Warburg Beefs Up HY With Penn Hire
November 1, 1999
Warburg Dillon Read began an attempt to build a top-flight high-yield bond department by hiring one of the Street's most respected high-yield veterans last week, former BT Alex. Brown pro Arthur Penn.
Penn's relocation to the Stamford, Conn. headquarters of Warburg Dillon Read came after a summer spent mulling a variety of job offers, market sources said. Penn left BT Alex. Brown in June following that company's merger with Deutsche Bank, when it became clear that Deutsche had no intentions of retaining most of the BT high yield staff.
Market sources said that Penn's hire as co-head of global leveraged finance, as well as Warburg's intentions to embark on an across-the-board hiring spree in the next year, shows that the shop is mounting a campaign to bolster its standings in the junk market rankings.
As of Sept. 30, Warburg Dillon Read was ranked 14th in the high-yield straight debt tables run by Thomson Financial Securities Data, with $1.251 billion in proceeds and a 1.5% market share. The shop was also ranked 14th at year-end 1998, with $2.1 billion in proceeds, and posted similar numbers in 1997.
Penn hopes to break the cycle. "The firm has an opportunity to really build a world-class leveraged finance effort and build it up to the quality of the rest of the organization," he said.
With the high-yield market in a serious rut, with yearly new issuance expected to be severely down from last year's total and spreads remaining wide, the need for a smaller shop like Warburg to make some noise and win some mandates becomes increasingly important.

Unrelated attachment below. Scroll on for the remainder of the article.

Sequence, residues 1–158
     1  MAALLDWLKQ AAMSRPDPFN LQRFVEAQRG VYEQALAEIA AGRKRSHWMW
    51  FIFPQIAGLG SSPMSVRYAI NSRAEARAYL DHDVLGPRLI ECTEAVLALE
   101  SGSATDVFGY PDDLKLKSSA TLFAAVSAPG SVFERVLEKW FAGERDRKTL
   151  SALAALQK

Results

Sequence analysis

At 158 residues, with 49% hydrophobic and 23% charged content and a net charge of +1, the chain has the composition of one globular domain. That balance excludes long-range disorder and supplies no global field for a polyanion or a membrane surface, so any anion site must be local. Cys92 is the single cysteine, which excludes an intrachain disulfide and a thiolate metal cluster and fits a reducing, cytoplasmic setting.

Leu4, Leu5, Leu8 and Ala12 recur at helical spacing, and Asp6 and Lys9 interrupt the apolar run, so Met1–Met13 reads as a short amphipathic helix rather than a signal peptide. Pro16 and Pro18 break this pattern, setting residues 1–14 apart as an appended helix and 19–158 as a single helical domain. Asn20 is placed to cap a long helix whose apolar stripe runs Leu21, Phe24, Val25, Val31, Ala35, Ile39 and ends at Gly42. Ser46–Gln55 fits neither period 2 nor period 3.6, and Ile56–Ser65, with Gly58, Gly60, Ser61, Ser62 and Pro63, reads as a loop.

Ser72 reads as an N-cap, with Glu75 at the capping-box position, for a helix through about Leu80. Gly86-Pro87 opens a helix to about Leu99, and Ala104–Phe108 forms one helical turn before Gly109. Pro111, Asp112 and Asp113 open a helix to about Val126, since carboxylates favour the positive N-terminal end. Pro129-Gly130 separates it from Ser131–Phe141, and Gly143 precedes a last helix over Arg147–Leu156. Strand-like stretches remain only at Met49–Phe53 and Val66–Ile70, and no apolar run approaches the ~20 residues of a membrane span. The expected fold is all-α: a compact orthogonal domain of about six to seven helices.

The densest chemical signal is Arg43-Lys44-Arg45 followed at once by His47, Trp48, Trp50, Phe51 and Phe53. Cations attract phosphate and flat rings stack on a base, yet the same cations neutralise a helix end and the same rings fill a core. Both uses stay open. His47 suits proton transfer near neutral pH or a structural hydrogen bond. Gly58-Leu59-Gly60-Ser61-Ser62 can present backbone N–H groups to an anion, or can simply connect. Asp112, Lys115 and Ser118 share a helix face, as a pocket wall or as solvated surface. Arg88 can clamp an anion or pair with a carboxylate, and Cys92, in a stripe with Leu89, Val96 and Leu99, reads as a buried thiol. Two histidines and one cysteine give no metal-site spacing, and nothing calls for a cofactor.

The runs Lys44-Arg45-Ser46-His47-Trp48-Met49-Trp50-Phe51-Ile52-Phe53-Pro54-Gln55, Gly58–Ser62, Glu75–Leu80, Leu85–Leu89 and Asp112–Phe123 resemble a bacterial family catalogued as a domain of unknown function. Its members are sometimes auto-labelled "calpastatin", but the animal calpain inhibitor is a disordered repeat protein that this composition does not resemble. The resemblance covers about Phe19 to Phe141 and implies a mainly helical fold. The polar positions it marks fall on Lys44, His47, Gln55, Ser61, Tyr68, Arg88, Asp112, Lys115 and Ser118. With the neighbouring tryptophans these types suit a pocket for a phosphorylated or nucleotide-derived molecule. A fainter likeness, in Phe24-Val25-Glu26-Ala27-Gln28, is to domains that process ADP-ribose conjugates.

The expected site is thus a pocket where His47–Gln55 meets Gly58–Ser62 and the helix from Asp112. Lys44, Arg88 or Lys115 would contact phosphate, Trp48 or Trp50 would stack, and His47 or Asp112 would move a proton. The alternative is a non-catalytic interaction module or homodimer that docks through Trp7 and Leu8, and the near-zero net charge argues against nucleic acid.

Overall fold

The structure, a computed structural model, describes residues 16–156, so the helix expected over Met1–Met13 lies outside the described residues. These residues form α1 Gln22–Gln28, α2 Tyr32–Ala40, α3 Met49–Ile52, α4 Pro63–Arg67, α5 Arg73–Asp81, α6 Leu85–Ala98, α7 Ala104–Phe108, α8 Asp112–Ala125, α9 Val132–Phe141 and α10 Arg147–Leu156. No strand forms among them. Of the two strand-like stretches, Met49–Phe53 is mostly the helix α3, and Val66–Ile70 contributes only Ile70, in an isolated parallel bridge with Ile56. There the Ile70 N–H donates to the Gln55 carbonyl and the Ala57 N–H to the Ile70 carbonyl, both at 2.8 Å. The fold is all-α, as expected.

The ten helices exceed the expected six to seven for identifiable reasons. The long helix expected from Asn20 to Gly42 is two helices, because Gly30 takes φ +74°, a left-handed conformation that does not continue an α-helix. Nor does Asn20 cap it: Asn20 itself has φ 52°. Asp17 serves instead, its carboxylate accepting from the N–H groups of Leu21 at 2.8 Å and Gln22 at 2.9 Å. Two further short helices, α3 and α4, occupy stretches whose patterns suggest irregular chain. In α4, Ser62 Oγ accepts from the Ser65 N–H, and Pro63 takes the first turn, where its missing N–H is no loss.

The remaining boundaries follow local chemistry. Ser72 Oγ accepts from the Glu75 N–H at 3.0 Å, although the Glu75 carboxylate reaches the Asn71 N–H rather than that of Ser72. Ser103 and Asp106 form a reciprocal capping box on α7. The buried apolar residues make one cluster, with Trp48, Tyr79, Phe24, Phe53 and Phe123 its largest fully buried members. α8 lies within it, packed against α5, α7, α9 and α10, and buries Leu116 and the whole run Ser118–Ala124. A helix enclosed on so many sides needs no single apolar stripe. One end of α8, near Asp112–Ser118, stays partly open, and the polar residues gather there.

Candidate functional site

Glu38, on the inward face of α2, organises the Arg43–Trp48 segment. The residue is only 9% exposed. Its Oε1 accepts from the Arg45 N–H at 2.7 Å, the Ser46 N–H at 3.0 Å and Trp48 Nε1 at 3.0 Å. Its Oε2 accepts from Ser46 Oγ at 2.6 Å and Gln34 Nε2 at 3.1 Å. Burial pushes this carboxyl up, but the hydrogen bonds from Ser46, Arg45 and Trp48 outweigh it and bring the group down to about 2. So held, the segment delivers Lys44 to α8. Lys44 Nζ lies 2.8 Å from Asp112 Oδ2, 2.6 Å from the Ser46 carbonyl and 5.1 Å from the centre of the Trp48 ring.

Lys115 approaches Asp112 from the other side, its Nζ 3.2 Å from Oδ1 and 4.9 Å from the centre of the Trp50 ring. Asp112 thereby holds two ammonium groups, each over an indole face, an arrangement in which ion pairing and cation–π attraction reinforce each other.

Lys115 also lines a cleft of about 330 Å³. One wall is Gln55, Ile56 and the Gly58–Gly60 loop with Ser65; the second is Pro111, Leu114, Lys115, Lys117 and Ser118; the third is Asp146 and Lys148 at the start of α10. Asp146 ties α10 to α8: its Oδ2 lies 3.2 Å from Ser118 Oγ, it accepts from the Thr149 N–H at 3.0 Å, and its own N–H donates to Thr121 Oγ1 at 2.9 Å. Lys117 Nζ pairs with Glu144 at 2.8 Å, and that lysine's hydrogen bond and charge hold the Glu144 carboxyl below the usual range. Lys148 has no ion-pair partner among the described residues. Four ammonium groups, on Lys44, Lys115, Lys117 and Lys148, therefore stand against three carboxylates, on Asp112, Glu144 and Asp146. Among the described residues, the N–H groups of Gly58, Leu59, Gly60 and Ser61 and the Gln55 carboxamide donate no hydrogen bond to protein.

"You can't live on a middle-tier approach any more," one high-yield banker said.
Penn's hire was hailed as a coup for Warburg, as Penn is regarded by many pros as a top-caliber official in the high-yield market and was reportedly entertaining several high-profile offers before he signed with Warburg. He ran BT's group for five years, during which time the underwriter hovered around sixth place in league rankings.
Penn said the leveraged finance group's goal will be to bring its performance up to the level of Warburg's well-regarded healthcare and telecommunications groups. "There's a lot of opportunity that has yet to be fully monetized from a leveraged finance standpoint," he said.
The company already has a presence in most of the junk market's key areas, such as transportation, energy and paper, which it hopes will play to its benefit in the leveraged financing of such sectors.
Another aspect of Warburg's new strategy will be an increasing emphasis on the European junk market, which has been one of 1999's few success stories. Co-head of leveraged finance Brian Keelan has moved from the U.S. to London, where he will run the European side of Warburg's business.
Keelan is a 10-year veteran of Warburg, first having served with Swiss Bank Corp. before its 1995 merger with Warburg.
Both Penn and Keelan will report jointly to John Costas, global head of Warburg's fixed income business, and Rory Tapner, global co-head of corporate finance.